To our knowledge, our study is the first to disaggregate Florida Hispanic groups and to reveal considerable differences in cancer mortality. Our findings are congruent with other research results that compared mortality rates among some of the selected Hispanic subgroups outside of Florida [5, 22-24, 29-34]. The highest cancer mortality rates were among White non-Hispanic men followed by Cuban men; whereas the lowest mortality rates were found among Mexican women. Overall, Cubans displayed a cancer mortality profile similar to White non-Hispanics.
Observed mortality differentials may be partly explained by differences in cancer screening rates across Latino subgroups [35, 36]. Mexican women report the lowest rates of recent screening [37] which may contribute to the higher proportion of deaths due to cervical cancer and higher rates of cancer death at younger ages found in our Florida sample of Mexican women. This is in stark contrast to the situation reported when Hispanics are aggregated in one group as reported by the Florida Behavioral Risk Factor Surveillance Survey (BRFSS). In 2004, the Florida BRFSS reported that 89% of Hispanic women have had a pap smear [38]. In terms of mammography screening, the same report shows that 57% of Hispanic women have had a mammogram. As access to care is one of the strongest predictors of regular screening and early detection of cervical cancer, the excess mortality experienced by this group may be partly explained by the fact that Mexicans have the least access to health care coverage and services of all Hispanic groups [25].
Mortality patterns among subgroups must be considered within the context of political economics and culture. Cuban, Puerto Rican and Mexican immigration patterns are distinct from one another and reflect important changes in U.S. migration policy. For example, a recent study found that nearly two thirds of Puerto Ricans, 67.5% of Cubans, 55.6% of Mexicans and 53.1% of all Hispanics had lived in the United States for over 15 years [39]. Researchers suggest that lifestyle and diet changes are attributable to acculturation to mainstream U.S. culture and that changes in health related behaviors as acculturation increases are associated with higher health risks [40, 41]. Rosenwaike suggests that lower cancer mortality among selected Hispanic subgroups relative to White non-Hispanics persist because of healthier lifestyle patterns [21] or death at younger ages before many cancers are detectable.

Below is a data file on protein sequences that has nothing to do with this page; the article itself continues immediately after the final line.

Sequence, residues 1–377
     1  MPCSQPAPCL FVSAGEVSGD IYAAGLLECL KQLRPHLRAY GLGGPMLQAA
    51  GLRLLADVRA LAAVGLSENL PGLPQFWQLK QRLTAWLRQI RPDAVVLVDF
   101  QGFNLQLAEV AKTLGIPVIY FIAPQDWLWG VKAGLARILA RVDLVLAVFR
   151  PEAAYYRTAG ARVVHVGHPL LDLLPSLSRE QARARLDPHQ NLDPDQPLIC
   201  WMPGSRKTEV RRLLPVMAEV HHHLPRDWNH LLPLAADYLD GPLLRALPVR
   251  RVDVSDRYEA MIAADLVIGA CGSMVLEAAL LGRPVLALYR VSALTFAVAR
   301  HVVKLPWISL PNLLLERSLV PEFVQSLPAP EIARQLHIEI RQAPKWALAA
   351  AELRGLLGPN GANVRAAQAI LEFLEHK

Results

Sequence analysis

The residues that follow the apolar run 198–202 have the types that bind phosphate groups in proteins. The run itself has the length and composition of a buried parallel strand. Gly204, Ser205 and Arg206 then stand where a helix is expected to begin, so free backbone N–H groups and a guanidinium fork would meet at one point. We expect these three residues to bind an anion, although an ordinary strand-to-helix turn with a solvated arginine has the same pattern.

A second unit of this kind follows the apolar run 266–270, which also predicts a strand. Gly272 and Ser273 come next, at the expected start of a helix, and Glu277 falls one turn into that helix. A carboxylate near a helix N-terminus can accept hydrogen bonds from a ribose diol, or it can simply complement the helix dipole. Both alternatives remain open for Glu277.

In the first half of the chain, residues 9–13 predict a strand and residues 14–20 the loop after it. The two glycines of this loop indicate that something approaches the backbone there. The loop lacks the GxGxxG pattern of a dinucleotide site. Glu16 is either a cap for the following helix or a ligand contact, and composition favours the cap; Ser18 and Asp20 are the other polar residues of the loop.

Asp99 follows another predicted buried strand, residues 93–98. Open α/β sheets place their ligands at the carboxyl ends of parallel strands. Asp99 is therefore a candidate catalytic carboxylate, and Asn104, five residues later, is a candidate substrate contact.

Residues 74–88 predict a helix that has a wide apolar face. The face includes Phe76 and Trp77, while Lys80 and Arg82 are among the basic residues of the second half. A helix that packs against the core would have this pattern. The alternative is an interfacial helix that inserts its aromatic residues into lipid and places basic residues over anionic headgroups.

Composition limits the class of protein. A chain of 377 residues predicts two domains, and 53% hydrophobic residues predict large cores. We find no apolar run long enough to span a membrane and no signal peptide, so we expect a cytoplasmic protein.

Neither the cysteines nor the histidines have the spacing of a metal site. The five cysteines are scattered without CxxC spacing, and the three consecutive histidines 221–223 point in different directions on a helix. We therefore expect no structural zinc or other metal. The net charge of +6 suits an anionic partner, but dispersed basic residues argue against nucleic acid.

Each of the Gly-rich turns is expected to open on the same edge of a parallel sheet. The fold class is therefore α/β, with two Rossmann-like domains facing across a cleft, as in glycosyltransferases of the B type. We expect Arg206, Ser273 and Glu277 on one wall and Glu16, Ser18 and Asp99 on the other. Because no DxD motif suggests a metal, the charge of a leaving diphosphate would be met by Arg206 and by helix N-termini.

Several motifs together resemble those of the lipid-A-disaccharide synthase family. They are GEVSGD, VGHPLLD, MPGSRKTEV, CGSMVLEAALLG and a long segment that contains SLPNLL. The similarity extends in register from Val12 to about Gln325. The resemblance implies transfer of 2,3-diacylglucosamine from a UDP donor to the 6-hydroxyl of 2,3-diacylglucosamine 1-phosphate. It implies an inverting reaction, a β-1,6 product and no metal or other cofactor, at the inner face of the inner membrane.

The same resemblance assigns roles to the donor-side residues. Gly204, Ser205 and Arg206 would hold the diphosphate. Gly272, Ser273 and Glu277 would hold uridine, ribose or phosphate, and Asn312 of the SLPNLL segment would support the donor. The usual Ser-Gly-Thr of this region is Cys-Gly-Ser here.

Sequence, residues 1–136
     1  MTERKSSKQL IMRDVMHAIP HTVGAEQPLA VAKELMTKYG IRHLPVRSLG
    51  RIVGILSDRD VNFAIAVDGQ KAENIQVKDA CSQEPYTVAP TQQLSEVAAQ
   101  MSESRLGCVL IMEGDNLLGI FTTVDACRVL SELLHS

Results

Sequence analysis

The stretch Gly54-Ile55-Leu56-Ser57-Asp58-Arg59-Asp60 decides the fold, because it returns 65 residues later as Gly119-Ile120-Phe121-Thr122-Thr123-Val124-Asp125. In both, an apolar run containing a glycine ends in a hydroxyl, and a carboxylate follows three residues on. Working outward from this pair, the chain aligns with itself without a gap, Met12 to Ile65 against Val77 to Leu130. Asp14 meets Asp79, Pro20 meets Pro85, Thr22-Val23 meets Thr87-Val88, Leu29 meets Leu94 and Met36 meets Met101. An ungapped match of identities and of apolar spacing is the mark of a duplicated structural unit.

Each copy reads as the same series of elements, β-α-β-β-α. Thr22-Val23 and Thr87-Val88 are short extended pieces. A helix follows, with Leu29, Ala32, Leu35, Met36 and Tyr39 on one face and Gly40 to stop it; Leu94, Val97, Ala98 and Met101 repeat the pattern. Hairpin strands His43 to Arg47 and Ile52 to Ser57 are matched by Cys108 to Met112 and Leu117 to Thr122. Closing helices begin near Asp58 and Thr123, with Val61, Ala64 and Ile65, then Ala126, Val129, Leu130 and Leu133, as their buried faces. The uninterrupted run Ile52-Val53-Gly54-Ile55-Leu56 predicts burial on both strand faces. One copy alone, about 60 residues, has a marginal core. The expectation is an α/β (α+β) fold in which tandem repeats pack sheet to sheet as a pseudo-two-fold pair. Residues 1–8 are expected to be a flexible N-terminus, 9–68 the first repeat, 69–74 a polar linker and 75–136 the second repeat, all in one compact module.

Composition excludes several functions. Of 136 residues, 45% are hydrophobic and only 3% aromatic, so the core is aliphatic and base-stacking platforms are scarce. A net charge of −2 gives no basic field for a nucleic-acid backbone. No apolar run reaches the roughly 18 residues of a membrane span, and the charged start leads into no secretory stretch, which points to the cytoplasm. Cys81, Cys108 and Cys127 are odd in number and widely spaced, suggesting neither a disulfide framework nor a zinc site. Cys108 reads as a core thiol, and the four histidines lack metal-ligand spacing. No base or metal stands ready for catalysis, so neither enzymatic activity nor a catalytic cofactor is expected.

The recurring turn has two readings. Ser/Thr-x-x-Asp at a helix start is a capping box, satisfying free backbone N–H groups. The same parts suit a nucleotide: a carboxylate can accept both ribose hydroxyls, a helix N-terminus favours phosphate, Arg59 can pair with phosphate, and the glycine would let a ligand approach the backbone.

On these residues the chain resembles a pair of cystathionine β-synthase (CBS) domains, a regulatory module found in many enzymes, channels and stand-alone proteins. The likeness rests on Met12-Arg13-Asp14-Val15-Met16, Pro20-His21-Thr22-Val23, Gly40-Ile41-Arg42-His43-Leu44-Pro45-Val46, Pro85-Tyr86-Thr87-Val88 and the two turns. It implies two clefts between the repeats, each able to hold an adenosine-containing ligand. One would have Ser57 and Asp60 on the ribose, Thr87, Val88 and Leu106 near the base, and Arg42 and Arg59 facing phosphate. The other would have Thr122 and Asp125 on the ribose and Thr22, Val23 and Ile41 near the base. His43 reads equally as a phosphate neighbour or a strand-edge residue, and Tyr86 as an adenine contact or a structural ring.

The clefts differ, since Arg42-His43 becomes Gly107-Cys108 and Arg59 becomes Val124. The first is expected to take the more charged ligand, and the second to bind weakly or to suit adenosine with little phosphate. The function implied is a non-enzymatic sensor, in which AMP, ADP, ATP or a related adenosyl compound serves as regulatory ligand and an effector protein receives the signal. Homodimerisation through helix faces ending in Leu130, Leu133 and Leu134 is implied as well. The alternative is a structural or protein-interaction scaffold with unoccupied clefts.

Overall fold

Current research highlights that most peer-reviewed literature focuses on socio-cultural and behavioral factors that impact health [34, 35, 42-44]. Although Hispanics have lower incidence rates for cancers they are more likely to have larger tumors and/or metastatic disease at the time of diagnosis [3, 45]. Possible explanations for late stage diagnoses include low rate of medical insurance coverage [45, 46], lack of knowledge about services, limited access to and use of cancer screening programs [36, 45-48] poverty and other complex sociocultural and geographic factors that contribute to healthcare disparities [49, 50]. A recent study found that relative to non-Hispanic Whites, Mexicans, South and Central Americans and Puerto Ricans had a 1.4- to 3.6-fold greater risk of presenting with stage IV [51]. Moreover, Ramirez et al. [52] examined women’s breast and cervical cancer knowledge, attitudes and screening behaviors in various Hispanic subgroups [46]. Study findings indicated that Puerto Ricans had the least knowledge about Papanicolaou smear guidelines and found that knowledge was significantly related to age, income, education, language and recent screening history.
Regarding health behaviors important variations among the Hispanic subgroups have also been noted in the literature. For example, smoking preferences and frequencies have been reported to vary between Latinos and Anglos [53, 54] and within Latinos (30% of Cuban women are smokers versus 14% of Puerto Ricans and 9% of Mexicans) [55]. There is also evidence of differences in alcohol consumption patterns [56, 57]. Recent studies have observed an increase in body weight during the year after cancer diagnosis which is linked to recurrence and reduced survival [58-63]. Obesity is higher among Latinas than non-Hispanic Whites but also varies substantially by country of origin (19% of Cubans are obese versus 32% of Puerto Ricans and Mexicans versus 21% of non Hispanic whites) [55].
Without disaggregated analyses, initiatives in cancer control and prevention are fated to be misdirected and misinformed. To illustrate, the cancer mortality rate (all sites combined) for Hispanic men for 1997 was 285 per 100,000 but for Mexicans it was 180 per 100,000 whereas it was 262 per 100,000 for Puerto Ricans and 328 per 100,000 for Cubans. Cancer mortality rates among Mexicans in our sample were similarly lower than rates for White non-Hispanics Cubans, Puerto Ricans, and all Hispanics combined, despite the reported lower life expectancy, access to care, educational attainment and socioeconomic status. The second lowest mortality rates were found among Other Hispanics. These findings partly support the “salmon bias” migratory hypothesis proposed to explain the lower U.S. Hispanic mortality rates compared to White non-Hispanics [64]. According to this hypothesis, seriously ill Hispanics may return to their country of origin to die which would result in “statistically immortal” [65]. Hispanics as the U.S. does not keep record of foreign deaths. The hypothesis has received partial support from some researchers, especially regarding foreign-born Mexican and Other Hispanics [66] but not from others [67]. This underscores the importance of collecting relevant data on Hispanics (e.g., country of origin, birthplace) and of reporting health statistics by meaningful subgroups (e.g., foreign-born versus not) in order to get an accurate picture of health outcomes of diverse ethnic groups such as the U.S. Hispanic population.